The weekend just gone by is a perfect illustration of all that makes our wonderful sport of cycling so maddening but also so brilliant.
I knew heading into it that my fitness had taken a knock after basically two weeks off, not counting the LifeCycle sessions in my hotel gym (and they’re as close to real cycling as hooning about in a Jacuzzi is to swimming the Channel). I was also in a foul mood for reasons other than cycling, and not worth going into here.
So a nice 2+ hours in the company of three Bayeux team-mates and on a morning when the sun was at least trying to shine should have been an ideal tonic. But once the ride started I not only felt like my legs had been refashioned in Play-Doh, I also managed to get yet another bloody puncture, thanks to a tiny shard of metal I somehow managed to pick out in the road. I promptly compounded this setback with a truly inept display of public tube-changing, further cementing my hard-won reputation as the team’s resident clown.
In fact after all my recent pratfalls – serial punctures, navigation blunders and the now legendary Ice Spill – I might as well start turning up for rides in an orange wig, stripy trousers and on a bike that promptly falls apart in a puff of smoke.
But back to the story at hand, and it was no exaggeration to say that I met the latest disaster with a complete and profound sense of humour failure. In fact it was only the urgings of others that prevented me from immediately turning tail and heading home…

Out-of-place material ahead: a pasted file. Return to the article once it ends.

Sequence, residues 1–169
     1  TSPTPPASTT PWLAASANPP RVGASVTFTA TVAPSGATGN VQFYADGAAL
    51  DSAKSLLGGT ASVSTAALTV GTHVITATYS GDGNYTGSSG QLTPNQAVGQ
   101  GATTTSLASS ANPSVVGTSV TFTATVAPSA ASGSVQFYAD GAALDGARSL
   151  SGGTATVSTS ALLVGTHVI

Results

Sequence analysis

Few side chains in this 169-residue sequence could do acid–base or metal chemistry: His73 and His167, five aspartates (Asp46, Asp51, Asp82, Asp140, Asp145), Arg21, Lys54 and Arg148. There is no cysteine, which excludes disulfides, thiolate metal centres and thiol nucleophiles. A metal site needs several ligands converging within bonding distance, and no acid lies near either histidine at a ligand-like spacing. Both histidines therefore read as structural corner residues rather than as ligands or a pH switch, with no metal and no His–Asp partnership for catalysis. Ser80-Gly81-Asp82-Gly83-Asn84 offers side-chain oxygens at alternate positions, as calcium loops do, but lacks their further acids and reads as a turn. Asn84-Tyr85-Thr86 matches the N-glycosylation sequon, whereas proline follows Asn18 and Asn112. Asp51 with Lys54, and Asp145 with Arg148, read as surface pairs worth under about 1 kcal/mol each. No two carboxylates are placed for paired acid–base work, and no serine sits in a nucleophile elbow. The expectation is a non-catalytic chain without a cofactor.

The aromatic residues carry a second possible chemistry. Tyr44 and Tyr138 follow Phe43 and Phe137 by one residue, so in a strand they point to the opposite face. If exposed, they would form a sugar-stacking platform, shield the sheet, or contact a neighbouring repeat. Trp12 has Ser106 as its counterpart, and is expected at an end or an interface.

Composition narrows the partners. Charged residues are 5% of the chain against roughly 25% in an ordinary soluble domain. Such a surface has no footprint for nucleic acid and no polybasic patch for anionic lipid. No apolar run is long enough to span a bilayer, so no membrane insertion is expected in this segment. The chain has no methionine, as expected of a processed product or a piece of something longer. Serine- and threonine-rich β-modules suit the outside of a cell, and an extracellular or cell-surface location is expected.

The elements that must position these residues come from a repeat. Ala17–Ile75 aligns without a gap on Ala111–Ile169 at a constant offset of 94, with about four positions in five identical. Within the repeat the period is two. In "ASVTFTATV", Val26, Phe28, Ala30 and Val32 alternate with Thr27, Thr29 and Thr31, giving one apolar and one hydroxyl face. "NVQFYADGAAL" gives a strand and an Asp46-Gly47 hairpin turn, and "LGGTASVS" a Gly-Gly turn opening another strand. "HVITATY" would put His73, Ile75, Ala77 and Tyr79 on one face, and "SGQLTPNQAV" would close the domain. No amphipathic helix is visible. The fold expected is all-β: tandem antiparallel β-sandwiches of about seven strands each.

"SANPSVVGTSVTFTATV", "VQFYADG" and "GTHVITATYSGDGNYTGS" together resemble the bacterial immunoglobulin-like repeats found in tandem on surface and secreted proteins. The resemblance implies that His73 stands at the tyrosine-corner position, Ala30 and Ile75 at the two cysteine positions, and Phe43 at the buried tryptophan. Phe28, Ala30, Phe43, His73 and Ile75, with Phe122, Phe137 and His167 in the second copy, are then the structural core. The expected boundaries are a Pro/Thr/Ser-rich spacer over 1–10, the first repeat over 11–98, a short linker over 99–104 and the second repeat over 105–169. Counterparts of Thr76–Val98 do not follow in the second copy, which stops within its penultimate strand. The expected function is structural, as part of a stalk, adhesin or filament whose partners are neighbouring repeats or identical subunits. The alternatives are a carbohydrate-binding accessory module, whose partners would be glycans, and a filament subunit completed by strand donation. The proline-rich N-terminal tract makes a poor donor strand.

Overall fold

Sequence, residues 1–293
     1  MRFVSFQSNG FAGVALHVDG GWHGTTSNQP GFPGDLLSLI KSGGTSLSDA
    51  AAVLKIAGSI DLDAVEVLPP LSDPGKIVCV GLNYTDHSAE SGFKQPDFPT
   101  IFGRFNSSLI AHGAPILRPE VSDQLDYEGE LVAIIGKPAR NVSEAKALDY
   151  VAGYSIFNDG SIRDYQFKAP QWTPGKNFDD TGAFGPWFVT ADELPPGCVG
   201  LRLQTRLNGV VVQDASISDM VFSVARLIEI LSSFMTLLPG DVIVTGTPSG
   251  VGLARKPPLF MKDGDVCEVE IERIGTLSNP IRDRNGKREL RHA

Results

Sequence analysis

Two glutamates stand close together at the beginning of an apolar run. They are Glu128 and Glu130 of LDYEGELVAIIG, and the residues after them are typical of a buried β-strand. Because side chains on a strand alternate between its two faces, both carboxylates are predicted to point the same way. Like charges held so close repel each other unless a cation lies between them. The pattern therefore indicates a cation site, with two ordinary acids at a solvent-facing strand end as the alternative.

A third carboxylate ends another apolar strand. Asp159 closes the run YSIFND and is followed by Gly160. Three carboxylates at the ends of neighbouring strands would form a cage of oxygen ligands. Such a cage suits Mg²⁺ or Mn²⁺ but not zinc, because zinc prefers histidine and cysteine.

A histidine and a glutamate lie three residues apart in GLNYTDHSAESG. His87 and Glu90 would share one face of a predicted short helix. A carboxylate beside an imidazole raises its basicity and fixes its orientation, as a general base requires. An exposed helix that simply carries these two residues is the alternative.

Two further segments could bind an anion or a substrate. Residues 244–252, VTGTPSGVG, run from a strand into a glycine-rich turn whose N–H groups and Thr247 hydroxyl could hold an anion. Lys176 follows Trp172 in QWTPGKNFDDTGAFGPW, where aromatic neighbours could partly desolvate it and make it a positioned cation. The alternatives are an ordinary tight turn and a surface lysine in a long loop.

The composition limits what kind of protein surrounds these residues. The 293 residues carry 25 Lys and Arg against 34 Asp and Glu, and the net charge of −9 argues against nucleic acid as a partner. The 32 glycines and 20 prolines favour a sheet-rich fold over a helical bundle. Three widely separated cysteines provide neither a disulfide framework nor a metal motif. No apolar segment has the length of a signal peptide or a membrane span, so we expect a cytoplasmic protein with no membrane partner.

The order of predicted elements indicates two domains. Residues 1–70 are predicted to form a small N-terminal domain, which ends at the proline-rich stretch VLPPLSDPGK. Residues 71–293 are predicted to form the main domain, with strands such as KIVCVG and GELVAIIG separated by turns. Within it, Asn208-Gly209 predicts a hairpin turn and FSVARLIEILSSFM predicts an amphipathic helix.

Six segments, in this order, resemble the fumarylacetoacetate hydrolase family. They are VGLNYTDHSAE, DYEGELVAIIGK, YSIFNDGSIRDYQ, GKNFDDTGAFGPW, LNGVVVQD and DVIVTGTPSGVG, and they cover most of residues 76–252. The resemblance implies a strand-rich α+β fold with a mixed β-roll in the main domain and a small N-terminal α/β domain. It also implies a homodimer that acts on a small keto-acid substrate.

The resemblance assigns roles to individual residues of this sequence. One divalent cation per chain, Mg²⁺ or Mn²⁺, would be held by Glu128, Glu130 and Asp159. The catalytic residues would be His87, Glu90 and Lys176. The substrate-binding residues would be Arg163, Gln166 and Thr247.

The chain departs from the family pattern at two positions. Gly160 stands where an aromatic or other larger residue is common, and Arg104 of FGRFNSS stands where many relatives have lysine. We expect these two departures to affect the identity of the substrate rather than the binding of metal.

As it happened I might as well have done, for all the power I was able to muster in my morale-sapped state.
So Saturday was – in a word – shit. I bloody hated it, I had a splitting headache when I got back and I was just about ready to pack in and sell the bloody bikes by the time I’d stewed for the rest of the day.
Sunday dawned to leaden skies for what should have been the regular team ride to Alfriston. It quickly became apparent that the forecasters’ predictions of heavy rain had deterred all but doughty northerner Rich Mitchelson and myself, leaving us distinctly short of bodies.
We forged ahead anyway. And, wouldn’t you know, not only did I manage to complete 42 soggy miles without mishap I bloody well enjoyed myself too, even when it was pissing down so hard the rain was literally running off my nose.
Better still, after I’d worked off the initial stiffness of the previous day’s efforts my legs felt almost as strong as they had before my Middle Eastern jaunt. Almost.
It was a great morning out that left me soaked and muddy but firing on all cylinders again. Even the non-bike worries subsequently rectified themselves, soothing my mood considerably.
So now the Longcross Test Track beckons. 9.30am on Saturday is zero hour. The moment of truth and all that other guff. I’m getting nervous. I’m also struggling to eliminate dreams of an unlikely (not to say miraculous) victory. Most of all I just want to take that big step towards all this nonsense becoming business as usual rather than such a Big Deal for me.